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Issue Home August 25, 2007 Site Home

Letters to the Editor Policy


In the August 22 edition Letters to the Editors, an incorrect date was given for the WVIA telethon during which callers can show support for ballroom dancing programming. It will be on Saturday, September 8. We apologize for any inconvenience.

A Big Success!

Thanks once again, to everyone at the County Transcript from all of us at the Susquehanna County Historical Society & Free Library Association, for your wonderful coverage of the Blueberry Festival! The special section looked great, especially with the blue ink. Thanks so very much for approaching advertisers on our behalf.

Your coverage helps attract folks from all over. Once again, an enormous crowd was drawn to Montrose! We were very lucky with the weather, missing the storms on Friday and selling plenty of lemonade and ice cream. We broke our previous income record again (all the results aren’t in yet, of course, but it looks like we’re definitely up from last year). Blueberry Festival proceeds directly support the library in Susquehanna, as well as the libraries in Forest City, Hallstead-Great Bend and Montrose, Books-by-Mail and Books-on-Wheels, and the Historical Society, Museum and genealogy research center. The festival is crucial to our operating budget for county services.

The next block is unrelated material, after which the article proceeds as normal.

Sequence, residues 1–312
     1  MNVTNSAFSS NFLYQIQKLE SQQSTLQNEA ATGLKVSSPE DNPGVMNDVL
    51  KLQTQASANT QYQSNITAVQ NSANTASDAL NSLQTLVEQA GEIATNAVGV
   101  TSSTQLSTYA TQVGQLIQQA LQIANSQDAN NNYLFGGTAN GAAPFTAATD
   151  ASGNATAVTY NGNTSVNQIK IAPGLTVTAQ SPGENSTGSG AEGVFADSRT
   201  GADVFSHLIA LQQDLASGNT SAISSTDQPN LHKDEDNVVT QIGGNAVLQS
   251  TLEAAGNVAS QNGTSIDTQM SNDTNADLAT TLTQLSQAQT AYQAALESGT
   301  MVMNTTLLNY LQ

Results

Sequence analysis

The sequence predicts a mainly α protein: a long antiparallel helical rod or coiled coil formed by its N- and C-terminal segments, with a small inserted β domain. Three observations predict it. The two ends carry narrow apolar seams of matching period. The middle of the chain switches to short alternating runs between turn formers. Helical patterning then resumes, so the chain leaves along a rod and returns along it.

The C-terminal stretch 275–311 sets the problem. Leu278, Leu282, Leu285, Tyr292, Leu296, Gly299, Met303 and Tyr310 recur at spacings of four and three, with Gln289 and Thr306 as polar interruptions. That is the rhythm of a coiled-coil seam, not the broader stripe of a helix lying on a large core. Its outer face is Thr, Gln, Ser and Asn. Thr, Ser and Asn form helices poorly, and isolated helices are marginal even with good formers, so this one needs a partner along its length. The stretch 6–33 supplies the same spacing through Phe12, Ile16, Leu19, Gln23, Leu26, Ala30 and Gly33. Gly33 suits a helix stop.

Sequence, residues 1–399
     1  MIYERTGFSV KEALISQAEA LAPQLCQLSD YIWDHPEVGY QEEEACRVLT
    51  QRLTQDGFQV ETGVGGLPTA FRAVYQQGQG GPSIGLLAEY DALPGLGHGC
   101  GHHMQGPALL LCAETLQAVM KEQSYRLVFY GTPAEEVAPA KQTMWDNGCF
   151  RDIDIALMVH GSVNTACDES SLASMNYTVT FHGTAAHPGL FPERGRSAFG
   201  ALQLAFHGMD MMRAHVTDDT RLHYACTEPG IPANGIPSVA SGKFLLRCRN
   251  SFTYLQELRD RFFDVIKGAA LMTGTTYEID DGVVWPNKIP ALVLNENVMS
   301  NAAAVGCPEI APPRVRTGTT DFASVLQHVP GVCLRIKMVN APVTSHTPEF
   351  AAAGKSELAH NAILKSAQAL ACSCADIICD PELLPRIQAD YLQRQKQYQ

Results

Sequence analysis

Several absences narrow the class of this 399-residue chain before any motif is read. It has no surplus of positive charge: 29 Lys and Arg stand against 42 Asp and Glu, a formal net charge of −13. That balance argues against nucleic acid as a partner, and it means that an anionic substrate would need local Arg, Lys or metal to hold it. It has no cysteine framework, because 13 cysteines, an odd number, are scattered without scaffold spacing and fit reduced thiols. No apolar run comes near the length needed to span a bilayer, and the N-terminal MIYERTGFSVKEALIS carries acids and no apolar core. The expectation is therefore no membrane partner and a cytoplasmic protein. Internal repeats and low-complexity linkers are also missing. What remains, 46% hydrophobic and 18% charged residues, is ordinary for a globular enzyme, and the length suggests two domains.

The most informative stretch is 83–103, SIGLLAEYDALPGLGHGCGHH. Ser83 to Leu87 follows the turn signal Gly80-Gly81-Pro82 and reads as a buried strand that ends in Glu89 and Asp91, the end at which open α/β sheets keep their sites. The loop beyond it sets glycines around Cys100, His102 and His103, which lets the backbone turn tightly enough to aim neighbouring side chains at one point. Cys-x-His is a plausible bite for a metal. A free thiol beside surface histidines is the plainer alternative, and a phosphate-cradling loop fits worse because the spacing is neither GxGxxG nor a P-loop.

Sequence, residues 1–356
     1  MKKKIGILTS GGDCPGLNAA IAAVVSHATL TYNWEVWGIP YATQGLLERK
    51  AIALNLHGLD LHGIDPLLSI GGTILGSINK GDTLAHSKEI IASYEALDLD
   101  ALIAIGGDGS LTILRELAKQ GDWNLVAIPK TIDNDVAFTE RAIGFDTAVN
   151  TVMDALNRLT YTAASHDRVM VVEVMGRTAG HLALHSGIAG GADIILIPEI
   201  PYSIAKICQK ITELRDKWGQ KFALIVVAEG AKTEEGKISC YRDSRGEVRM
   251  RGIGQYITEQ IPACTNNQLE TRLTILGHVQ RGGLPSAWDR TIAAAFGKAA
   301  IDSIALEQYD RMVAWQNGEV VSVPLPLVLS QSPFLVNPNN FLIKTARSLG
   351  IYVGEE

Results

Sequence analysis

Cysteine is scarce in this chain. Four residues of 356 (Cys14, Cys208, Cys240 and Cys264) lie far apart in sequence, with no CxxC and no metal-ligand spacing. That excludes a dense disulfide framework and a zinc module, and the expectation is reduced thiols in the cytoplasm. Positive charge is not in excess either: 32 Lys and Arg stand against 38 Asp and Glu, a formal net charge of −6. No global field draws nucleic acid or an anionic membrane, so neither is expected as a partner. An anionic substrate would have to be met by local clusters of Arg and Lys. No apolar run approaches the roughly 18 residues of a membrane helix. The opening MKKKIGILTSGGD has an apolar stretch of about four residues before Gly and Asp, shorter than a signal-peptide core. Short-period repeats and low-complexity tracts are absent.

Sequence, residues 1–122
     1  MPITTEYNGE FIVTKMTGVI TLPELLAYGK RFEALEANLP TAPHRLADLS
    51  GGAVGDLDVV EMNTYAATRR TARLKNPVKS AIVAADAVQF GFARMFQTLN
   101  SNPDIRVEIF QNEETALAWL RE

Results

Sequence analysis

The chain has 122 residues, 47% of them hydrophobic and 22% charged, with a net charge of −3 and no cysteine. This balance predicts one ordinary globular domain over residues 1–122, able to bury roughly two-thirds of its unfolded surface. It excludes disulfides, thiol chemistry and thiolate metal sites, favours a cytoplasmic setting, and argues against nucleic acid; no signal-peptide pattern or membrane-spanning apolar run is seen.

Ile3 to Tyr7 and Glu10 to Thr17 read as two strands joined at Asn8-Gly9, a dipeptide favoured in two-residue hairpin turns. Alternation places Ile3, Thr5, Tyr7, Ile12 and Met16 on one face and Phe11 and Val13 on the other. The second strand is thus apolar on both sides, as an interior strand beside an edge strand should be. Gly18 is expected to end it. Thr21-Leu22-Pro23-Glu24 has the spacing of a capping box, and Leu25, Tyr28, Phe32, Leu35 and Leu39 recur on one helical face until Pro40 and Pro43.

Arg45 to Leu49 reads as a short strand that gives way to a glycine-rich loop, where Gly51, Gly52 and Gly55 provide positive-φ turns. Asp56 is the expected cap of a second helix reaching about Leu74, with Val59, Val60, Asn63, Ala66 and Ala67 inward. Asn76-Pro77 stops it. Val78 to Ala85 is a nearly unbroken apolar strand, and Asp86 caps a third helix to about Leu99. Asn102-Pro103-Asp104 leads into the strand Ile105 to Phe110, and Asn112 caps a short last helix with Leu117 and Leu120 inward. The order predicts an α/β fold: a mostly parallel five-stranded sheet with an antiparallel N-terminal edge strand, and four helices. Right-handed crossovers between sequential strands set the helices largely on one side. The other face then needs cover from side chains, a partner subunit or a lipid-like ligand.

You and your advertisers help make it all possible. Thank you for your support and your community spirit!

Next year’s festival will be the 29th annual, held Friday, August 1 and Saturday, August 2, 2008.


Hilary Caws-Elwitt, Publicity

And the 2007 Festival Committee:

Cookie Capotosto, Jean Dunn, Amy Johnson, Susan Stone, Flo Whittaker

Tired of the Broken Record

OK Mr. Scroggins, you are against war, so who isn’t? No one detests war more than the soldier. No one trains more and understands its necessity like a soldier. Your incessant babblings are a constant indictment of war, but your ulterior motive seems to be more against the Bush administration. I’ve read your anti-Semitic letters and ask, “Is it the Jews that are beheading civilians and captured military?” I’ve read your degrading, females in the military letters and ask, “Have you any real knowledge of the sacrifices and courage witnessed by those who serve beside them and praise their outstanding performances?” You claim the military is an honorable profession, yet you can’t wait to level another indictment upon them. Then there is the general who, by your account, single handedly fooled a nation, the American Dental Association and even the Center for Disease Control into the use of fluoride to prevent cavities, so the nuclear program of WW II wouldn’t be sued. “Widespread use of fluoride has been a major factor in the decline in the prevalence and severity of dental caries (i.e., tooth decay) in the United States and other economically developed countries. When used appropriately, fluoride is both safe and effective in preventing and controlling dental caries.– CDC. I would remind you that most of the greatest advancements in medicine (aspirin for example), can be deadly if used improperly.